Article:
Garrison Keillor is some guy who’s mildly famous for an NPR radio show that I think I might have heard half an episode of when I was eight. From what little of it I recall, it was approximately the most Midwestern thing in the world: half of the jokes sounded like Mr. Rogers calmly explaining, to a live audience of kindergarteners, Jonathan Edwards’ theology as developed in Sinners in the Hands of an Angry God, and the other half had something to do with polka.
Needless to say, Garrison Keillor does not like Donald Trump. The reason, presumably, is that Garrison Keillor—who, incidentally, I never would have pictured as looking like a mad scientist’s first attempt at merging Boris Johnson into Tricky Dick, but here we are—is from the Midwest, and Donald Trump is from Manhattan. These two cultures are as different as the Finns, who I’m reliably informed speak an average of three words, all of which are “perkele”, in their lives, and the culture of the fellow who came up to me while I was buying a donut one morning last week and excitedly explained for half an hour that I ought to grow dreadlocks.
After spending two whole paragraphs casting stones about Donald Trump’s hair from his glass house somewhere on the shore of one of those lakes, Boris Nixon—sorry, Garrison Keillor—cuts straight to the heart of his criticism of the East Coast—sorry, Republican—nominee: he had, apparently, the wrong response to the small incident in Orlando where some loser from Cousinfuckistan pledged allegiance to the Islamic State and went Adam Lanza Jihad on a gay club.
After the worst mass shooting in American history on Sunday, 50 persons dead in Orlando, the bodies still being carted from the building, the faces of horror-stricken cops and EMTs on TV, the gentleman issued a statement on Twitter thanking his followers for their congratulations, that the tragedy showed that he had been “right” in calling for America to get “tough.” …
His response to the Orlando tragedy is one more clue that this election is different from any other. If Mitt Romney or John McCain had been elected president, you might be disappointed but you wouldn’t fear for the fate of the Republic. This time, the Republican Party is nominating a man who resides in the dark depths. He is a thug and he doesn’t bother to hide it.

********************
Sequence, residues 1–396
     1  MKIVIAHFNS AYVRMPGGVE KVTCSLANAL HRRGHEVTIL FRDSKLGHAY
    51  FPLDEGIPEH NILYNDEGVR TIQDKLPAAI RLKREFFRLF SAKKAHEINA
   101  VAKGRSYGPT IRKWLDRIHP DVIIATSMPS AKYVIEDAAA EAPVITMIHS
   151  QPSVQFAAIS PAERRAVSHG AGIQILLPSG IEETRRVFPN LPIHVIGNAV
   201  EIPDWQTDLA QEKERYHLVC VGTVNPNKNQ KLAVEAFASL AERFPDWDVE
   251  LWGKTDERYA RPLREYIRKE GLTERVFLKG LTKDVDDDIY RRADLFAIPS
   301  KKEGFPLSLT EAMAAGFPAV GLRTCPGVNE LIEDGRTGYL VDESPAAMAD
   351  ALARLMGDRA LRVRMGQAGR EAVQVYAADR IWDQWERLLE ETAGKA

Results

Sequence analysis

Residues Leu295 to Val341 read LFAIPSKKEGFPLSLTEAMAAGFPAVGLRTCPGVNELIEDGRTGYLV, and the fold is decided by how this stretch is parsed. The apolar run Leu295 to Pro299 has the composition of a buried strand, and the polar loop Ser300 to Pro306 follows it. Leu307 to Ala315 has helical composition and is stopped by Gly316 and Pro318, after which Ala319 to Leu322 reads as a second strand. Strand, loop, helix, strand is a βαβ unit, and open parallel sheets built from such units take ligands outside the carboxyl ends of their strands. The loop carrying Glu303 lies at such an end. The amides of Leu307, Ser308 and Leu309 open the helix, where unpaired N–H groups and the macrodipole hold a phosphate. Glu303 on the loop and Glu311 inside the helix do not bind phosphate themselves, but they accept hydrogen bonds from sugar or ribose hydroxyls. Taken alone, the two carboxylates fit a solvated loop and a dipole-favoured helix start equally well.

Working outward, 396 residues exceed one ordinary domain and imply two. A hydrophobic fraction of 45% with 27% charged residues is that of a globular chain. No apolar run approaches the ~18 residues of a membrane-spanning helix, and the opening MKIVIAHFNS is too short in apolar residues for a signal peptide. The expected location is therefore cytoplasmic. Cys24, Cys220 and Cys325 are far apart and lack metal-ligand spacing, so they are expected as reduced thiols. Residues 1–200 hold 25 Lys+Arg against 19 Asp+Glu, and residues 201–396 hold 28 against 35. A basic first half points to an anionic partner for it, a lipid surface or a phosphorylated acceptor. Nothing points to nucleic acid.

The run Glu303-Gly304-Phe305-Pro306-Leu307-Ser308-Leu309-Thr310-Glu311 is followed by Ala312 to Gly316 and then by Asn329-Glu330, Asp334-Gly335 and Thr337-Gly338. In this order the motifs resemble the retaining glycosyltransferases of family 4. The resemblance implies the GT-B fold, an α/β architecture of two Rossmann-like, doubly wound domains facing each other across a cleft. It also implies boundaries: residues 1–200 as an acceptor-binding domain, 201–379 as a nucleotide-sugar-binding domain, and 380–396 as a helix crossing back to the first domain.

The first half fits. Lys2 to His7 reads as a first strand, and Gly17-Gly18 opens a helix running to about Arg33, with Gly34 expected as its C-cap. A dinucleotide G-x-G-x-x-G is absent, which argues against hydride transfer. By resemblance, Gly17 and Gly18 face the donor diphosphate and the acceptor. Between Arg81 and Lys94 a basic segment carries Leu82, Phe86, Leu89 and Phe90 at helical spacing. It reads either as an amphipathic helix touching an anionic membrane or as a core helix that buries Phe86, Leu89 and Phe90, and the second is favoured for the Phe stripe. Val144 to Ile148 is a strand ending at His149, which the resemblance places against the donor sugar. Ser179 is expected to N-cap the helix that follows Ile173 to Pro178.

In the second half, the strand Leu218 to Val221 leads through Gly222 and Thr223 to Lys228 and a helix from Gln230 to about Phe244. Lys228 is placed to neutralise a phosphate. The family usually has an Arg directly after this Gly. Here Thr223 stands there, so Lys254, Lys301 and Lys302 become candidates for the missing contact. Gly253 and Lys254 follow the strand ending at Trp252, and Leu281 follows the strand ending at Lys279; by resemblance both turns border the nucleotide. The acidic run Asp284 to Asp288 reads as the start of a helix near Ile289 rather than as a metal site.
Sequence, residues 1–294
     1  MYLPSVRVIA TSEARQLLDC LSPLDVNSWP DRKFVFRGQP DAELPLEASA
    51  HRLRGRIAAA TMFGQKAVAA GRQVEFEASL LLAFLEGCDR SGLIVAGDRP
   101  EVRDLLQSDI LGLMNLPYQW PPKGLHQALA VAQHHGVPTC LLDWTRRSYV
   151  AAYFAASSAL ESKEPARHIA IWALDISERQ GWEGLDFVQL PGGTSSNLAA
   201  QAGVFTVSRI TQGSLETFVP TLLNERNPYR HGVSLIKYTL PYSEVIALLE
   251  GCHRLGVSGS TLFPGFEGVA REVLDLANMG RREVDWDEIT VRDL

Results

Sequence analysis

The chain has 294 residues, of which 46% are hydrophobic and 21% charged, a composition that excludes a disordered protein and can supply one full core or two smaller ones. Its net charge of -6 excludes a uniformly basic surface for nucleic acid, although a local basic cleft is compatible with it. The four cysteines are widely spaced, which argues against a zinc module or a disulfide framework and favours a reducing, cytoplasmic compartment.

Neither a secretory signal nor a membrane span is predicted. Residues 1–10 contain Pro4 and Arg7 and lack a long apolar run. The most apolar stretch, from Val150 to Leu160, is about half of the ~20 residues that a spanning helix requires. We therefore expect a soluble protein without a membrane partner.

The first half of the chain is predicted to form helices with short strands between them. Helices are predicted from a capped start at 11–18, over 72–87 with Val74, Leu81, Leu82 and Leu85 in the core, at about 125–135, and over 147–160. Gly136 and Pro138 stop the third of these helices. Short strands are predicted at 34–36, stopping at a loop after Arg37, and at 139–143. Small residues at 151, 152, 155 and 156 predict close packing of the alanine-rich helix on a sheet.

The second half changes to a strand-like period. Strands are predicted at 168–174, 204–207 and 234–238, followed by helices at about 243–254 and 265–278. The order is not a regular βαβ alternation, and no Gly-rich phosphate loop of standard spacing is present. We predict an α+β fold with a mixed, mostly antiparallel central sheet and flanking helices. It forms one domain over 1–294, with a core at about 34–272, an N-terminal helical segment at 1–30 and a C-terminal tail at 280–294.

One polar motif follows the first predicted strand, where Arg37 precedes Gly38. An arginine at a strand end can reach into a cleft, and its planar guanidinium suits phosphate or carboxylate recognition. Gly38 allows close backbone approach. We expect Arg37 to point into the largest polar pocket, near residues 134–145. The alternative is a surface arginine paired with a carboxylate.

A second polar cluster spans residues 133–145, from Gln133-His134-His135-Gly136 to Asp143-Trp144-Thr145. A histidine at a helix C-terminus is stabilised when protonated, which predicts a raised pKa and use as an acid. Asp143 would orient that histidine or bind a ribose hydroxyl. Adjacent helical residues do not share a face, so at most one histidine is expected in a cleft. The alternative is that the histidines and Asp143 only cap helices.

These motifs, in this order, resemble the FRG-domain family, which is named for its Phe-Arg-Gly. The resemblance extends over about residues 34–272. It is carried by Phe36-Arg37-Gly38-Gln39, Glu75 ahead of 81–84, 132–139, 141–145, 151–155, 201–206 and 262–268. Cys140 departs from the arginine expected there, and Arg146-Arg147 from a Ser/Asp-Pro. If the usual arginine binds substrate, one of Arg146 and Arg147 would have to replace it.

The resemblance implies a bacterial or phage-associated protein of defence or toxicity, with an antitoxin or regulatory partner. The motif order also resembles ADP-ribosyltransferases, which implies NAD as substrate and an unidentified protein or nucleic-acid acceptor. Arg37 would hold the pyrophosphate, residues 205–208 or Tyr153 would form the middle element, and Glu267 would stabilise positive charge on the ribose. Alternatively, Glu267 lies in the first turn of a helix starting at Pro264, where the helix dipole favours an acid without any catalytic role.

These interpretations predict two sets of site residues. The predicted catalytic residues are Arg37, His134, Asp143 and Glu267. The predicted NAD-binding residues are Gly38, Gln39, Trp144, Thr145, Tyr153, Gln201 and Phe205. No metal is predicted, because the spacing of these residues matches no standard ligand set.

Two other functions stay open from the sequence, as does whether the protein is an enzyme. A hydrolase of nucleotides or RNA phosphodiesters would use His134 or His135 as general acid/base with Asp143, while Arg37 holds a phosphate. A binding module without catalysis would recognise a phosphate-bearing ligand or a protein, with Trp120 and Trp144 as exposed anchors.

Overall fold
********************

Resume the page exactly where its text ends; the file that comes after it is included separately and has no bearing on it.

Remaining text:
Maybe this obsession with appearance is attractive to whatever audience out there it is that’s kept a show about polka on NPR for thirty years, but I, born and raised where maintaining a good appearance begins and ends with trying not to sweat one’s clothes into a dripping formless heap immediately upon stepping outside into the malarial atmosphere of a land that God never intended for man to inhabit, can’t see the point. If we must have politicians, isn’t it better to have politicians who can solve problems (on the rare occasion that the problems are real and can be solved) than politicians who can act all sad about them for the cameras before going off and doing nothing? The president is the Big Celebrity of the West, the one person in the world who can get more airtime than Kim Kardashian; but the president is also the man responsible for appointing people to the parts of government that appoint people who actually do things, and therefore the man responsible (albeit at a distance) for determining whether it’s legal to, for example, have borders—and this seems more important (not that I or any of you have any way to possibly influence the outcome of any election ever) than the former role, especially since the government could just crown Kim Kardashian Queen of America, and then, so as not to violate the human rights of the American people, hand out free cyanide pills to anyone who would want one in such a scenario, i.e. 99% of the population.
But—he also says that Trump is unduly obsessed with appearance.
We had a dozen or so ducktails in my high school class and they were all about looks.
What gives? Is Donald Trump, a “ducktail” according to world-renowned hairstylist Brick Jixon—sorry, Garrison Keillor—all about looks, or is he not about looks enough?
One can only conclude that people who became mildly famous for running radio shows about polka are not guaranteed to be philosophical geniuses.
Oh well, at least he offended some Unitarians once.